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McKelvey School of Engineering

EECE Seminar - Rizlan Bernier-Latmani

Friday, November 20 | 11:00 AM - 12:00 PM

Virtual Event

Rizlan Bernier-Latmani, Associate Professor at Ecole Polytechnique Federale de Lausanne, will present.

Microbial aersenic methylation and volatilization in soils

ABSTRACT: Arsenic (As) is highly toxic metalloid that is commonly and naturally found in soils and sediments. Microorganisms are able to catalyze many arsenic transformations, including methylation, which results in the formation of volatile arsenic compounds. As methylation is particularly important in anoxic environments, such as flooded rice paddy soils. In fact, microbially-derived methylated As is hyperaccumulated to an even greater extent than inorganic As in the rice grain. However, there is little known about the microorganisms responsible for As methylation in soils. Here, we use pure cultures to deconvolute the biological controls on As methylation and we use meta-omic tools to identify the microorganisms responsible for methylation in soil. We found that in anaerobic microorganisms, efficient efflux of trivalent inorganic As precludes methylation and that fermentative bacteria play a key role in As methylation in soil enrichments.

Event Type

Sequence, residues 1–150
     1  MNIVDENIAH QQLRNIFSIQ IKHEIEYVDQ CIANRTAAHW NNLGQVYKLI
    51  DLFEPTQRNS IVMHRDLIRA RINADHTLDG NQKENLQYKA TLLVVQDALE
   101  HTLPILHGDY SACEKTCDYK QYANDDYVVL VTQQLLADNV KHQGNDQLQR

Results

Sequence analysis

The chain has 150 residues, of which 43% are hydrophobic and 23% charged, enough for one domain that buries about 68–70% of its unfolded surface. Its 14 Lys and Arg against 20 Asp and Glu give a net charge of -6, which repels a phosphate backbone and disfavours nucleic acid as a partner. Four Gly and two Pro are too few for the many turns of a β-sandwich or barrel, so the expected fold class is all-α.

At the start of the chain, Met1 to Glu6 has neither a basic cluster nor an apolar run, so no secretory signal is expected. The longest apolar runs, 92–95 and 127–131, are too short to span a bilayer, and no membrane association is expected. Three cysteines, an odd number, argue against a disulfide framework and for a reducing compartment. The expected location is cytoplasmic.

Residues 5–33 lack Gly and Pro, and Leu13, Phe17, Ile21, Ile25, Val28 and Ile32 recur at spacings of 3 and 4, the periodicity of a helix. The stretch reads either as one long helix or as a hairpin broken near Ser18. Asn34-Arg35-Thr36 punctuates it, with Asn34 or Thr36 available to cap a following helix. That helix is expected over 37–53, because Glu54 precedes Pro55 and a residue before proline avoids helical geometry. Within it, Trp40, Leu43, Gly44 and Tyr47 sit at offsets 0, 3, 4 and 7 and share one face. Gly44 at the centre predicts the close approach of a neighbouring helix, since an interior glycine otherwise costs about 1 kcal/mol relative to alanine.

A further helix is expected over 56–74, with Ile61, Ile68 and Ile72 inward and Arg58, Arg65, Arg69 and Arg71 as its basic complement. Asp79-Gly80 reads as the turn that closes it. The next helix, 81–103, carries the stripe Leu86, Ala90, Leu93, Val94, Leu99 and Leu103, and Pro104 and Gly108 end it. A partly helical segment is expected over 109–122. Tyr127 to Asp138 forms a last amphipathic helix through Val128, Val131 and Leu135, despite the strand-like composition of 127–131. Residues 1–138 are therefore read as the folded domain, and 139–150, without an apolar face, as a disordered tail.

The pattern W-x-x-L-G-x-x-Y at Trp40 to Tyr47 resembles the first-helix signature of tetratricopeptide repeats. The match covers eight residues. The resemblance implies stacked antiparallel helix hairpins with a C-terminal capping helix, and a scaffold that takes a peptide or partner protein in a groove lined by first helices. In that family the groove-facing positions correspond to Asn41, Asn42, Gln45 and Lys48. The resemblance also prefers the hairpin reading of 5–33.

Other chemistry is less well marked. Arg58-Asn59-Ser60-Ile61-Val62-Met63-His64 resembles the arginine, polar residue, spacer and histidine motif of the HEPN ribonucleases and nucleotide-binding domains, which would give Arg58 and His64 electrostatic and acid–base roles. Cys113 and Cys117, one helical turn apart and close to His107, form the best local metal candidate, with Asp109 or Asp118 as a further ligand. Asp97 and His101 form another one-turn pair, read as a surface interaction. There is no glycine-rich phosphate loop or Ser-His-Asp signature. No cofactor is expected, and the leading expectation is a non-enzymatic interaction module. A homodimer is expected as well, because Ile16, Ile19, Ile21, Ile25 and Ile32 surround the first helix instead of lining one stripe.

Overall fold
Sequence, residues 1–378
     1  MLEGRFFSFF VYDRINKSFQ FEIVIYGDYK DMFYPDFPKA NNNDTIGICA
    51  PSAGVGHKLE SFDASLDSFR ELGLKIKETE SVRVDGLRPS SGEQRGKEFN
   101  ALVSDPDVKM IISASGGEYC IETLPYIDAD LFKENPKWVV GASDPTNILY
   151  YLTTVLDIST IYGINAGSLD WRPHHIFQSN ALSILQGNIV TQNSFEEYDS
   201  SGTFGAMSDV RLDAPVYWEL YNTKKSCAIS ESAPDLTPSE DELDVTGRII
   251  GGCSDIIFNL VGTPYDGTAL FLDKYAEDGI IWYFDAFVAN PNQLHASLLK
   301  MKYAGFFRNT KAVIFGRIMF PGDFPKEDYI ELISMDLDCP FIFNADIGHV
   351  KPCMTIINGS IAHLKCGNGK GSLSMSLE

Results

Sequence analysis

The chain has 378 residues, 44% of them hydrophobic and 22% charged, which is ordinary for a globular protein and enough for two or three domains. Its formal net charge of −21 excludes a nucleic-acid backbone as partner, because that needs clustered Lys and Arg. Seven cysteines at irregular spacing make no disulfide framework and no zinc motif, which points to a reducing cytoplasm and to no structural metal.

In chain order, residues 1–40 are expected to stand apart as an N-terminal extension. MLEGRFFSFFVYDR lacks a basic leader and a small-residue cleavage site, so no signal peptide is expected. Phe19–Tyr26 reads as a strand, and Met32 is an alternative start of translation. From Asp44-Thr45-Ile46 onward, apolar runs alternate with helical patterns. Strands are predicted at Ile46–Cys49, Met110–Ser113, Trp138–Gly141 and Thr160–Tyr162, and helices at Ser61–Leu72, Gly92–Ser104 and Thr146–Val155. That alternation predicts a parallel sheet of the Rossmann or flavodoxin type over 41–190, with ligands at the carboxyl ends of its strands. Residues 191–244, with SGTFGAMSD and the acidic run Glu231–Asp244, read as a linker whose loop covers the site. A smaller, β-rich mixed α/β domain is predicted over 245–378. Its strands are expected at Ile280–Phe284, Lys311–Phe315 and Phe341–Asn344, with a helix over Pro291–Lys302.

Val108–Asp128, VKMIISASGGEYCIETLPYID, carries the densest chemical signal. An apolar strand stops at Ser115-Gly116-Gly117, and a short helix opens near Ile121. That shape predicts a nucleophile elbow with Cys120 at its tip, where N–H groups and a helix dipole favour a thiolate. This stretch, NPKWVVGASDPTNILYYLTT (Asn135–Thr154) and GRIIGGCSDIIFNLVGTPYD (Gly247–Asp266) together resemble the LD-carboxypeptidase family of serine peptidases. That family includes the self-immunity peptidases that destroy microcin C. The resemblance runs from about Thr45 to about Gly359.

McKelvey School of Engineering


Science & Technology



Energy, Environmental & Chemical Engineering


Event Contact

Patty Kofron, pkofron@wustl.edu

Speaker Information

Rizlan Bernier-Latmani, Associate Professor
Ecole Polytechnique Federale de Lausanne
[Host: Dr. Giammar]

BIO: Rizlan Bernier-Latmani is a geomicrobiologist at the Swiss Federal Institute of Technology in Lausanne, Switzerland (EPFL). She studied Natural Resources at Cornell University (BS 1993) and Environmental Engineering at Stanford University (MS 1995; PhD 2001). She then did a post-doctoral stint with Brad Tebo at Scripps Institution of Oceanography in La Jolla, CA (2001 - 2005). Her interests started with uranium biogeochemistry and expanded to chromium biogeochemistry and more recently, arsenic biogeochemistry. Her interests are mainly on reductive processes in anaerobic environments. She is also involved in delineating the role of microorganisms in nuclear waste disposal and their impact on the safety of the deep geological repositories in clay or granite rocks as host rocks that are planned as disposal sites Europe. Finally, she is also working on the microbiology of the mammalian gut, particularly the microbial transformation of host-derived bile acids in the intestinal tract.

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